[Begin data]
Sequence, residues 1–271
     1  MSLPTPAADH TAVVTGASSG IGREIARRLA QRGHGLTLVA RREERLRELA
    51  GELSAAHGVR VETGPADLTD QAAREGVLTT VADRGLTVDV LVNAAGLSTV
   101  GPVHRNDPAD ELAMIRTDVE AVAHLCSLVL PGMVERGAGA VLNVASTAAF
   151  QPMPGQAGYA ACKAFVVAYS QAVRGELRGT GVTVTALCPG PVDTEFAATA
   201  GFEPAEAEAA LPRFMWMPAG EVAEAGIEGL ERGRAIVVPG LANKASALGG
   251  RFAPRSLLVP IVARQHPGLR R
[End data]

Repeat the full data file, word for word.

Sequence, residues 1–271
     1  MSLPTPAADH TAVVTGASSG IGREIARRLA QRGHGLTLVA RREERLRELA
    51  GELSAAHGVR VETGPADLTD QAAREGVLTT VADRGLTVDV LVNAAGLSTV
   101  GPVHRNDPAD ELAMIRTDVE AVAHLCSLVL PGMVERGAGA VLNVASTAAF
   151  QPMPGQAGYA ACKAFVVAYS QAVRGELRGT GVTVTALCPG PVDTEFAATA
   201  GFEPAEAEAA LPRFMWMPAG EVAEAGIEGL ERGRAIVVPG LANKASALGG
   251  RFAPRSLLVP IVARQHPGLR R